Page 2

Parent Educational System in Japan
Date 13 March 1947
Language English
Collection Tavenner Papers & IMTFE Official Records
Box Box 4
Folder General Reports and Memoranda from March 1947
Repository University of Virginia Law Library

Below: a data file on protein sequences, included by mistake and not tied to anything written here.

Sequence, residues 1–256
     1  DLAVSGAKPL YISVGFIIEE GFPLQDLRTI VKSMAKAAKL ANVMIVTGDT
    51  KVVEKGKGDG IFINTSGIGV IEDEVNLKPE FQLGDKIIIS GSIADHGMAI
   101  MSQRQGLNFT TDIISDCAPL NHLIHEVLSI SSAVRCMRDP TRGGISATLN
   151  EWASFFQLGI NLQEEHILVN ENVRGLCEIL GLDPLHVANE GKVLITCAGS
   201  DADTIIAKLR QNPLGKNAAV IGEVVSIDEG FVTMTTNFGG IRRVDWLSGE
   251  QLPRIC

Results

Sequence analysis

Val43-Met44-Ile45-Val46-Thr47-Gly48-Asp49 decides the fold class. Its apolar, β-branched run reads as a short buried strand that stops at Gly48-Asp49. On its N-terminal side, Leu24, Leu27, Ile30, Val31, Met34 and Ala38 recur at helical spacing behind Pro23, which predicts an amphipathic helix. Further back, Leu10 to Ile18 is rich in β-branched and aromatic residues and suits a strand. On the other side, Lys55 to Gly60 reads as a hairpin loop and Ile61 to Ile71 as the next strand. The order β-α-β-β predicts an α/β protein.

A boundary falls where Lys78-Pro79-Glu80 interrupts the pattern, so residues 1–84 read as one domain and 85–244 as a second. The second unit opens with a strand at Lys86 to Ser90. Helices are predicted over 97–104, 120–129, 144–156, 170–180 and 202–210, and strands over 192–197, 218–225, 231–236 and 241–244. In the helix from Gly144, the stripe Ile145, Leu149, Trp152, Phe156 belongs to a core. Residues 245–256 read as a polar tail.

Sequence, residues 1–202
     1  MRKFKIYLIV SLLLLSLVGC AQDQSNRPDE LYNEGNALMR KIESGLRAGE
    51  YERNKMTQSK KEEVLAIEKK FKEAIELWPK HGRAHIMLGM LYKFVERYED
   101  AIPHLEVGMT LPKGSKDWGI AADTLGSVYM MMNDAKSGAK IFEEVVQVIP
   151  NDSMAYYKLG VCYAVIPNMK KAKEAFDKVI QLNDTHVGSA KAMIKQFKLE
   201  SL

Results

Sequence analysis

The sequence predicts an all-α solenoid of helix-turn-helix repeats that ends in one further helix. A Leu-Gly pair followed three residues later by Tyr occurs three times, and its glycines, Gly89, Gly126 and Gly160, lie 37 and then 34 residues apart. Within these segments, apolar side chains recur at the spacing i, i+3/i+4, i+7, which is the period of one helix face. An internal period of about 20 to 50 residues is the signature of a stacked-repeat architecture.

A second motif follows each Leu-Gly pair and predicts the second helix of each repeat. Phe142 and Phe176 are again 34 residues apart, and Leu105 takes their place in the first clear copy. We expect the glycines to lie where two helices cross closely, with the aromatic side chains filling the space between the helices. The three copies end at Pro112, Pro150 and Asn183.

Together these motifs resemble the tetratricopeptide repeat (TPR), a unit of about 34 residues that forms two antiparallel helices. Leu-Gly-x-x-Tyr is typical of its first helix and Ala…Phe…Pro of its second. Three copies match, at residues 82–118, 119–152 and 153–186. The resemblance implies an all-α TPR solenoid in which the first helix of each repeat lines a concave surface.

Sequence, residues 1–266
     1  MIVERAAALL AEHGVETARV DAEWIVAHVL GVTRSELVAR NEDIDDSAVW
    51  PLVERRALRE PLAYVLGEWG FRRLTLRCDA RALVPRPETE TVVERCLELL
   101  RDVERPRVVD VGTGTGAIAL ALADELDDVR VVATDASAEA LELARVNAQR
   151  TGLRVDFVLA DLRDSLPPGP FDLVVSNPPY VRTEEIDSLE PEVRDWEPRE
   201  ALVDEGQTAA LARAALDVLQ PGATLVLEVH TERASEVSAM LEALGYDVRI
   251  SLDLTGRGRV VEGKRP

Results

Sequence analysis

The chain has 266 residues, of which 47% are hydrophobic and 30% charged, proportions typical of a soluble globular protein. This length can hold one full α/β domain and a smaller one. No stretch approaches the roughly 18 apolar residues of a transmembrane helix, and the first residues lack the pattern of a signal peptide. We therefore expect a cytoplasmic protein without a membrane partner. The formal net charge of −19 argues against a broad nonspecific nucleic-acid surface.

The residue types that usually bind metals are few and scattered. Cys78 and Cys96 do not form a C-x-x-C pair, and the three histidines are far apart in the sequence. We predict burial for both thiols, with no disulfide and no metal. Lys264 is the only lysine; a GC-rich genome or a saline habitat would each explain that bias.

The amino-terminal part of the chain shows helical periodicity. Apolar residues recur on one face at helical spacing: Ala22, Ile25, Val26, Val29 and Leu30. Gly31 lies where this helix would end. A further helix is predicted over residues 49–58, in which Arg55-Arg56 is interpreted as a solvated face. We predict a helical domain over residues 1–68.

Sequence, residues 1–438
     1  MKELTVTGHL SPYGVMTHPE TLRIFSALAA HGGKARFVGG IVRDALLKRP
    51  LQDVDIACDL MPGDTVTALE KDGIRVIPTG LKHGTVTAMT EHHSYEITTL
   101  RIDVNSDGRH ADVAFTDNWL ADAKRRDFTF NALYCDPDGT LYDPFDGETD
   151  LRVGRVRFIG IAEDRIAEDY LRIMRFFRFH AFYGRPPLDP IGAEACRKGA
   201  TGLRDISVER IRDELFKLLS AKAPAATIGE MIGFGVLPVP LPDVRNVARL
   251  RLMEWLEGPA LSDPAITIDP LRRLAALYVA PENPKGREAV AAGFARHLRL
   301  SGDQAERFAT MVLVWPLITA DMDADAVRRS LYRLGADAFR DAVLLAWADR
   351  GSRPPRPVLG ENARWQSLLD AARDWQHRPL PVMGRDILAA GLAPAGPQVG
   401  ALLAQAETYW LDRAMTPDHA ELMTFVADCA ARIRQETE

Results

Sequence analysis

FSTavenner 13 Mar #2 Documents 531 A to F. These documents contain excerpts from speeches held at the Seventh Conference of the World Federation of Education Associations, held in Tokyo in 1997. Representatives of various countries exchanged compliments with the representatives of Japan. All this is entirely irrelevant and the document should not be admitted. Document 268 - Excerpt from a book entitled "Youth and Culture", written by Araki. In this excerpt Araki stresses the principle of Knightly Benevolence and dwells on the merits of the Bushido Spirit. The document gives no facts and its only merit is that it may contain Araki's views on the Bushido teachings. The above list contains four affidavits and there will therefore be ample occasion for the Prosecution to cross examine on the subject of education. The following is a short survey of the Japanese educational system* If necessary, I can also draw up a list of speoific points for cross examination but this will take another day* General militaristic and aggressive tendencies in Japanese education: All Japanese education was under direct supervision of the central government. School curricula were the same throughout the country. There was no choice of subjects, everybody had to attend the same classes. (Defense document 439, p 4). Text books used in primary and presumably also middle schools were prepared by the Education Ministry and were the same throughout the country. Special compilers of text books were employed in the Education Ministry and in this manner text books could constantly be revised or rewritten in accordance with the government's policy. (Defense documents 439, pp 10 and 11) Record p 869). Japanese education has been on a militaristic basis ever since the Meiji Era. The Imperial Rescript on education issued by the Emperor Meiji states that children should be taught to offer themselves courageously to the state. (Exhibit 139). This in itself does not mean much but gave a basis for the teaching of a militaristic and nationalistic spirit in later years. (Direct and cross examination of witness OUCHI, Record pp 943, 944, 978, 979; Direct examination of witness KAIGO, Record p 881). Although the rescript was not written in an inflammatory spirit it has been used to mean something else than was written. 7. In 1925 regular army officers in active service were attached to all schools in Japan except universities for the purpose of giving military training. (Later reference is made to this.) In the beginning these army officers seem to have had no direct influence on the teaching of other subjects but this changed after the out¬break of the Manchurian Incident. Lectures given by these officers began to stress that Japanese were superior to the other races, that war was productive and that it was Japan's destiny to rule the Far East, and thereafter the whole world. Gradually other teachers in the schools were required to cooperate in this program and failure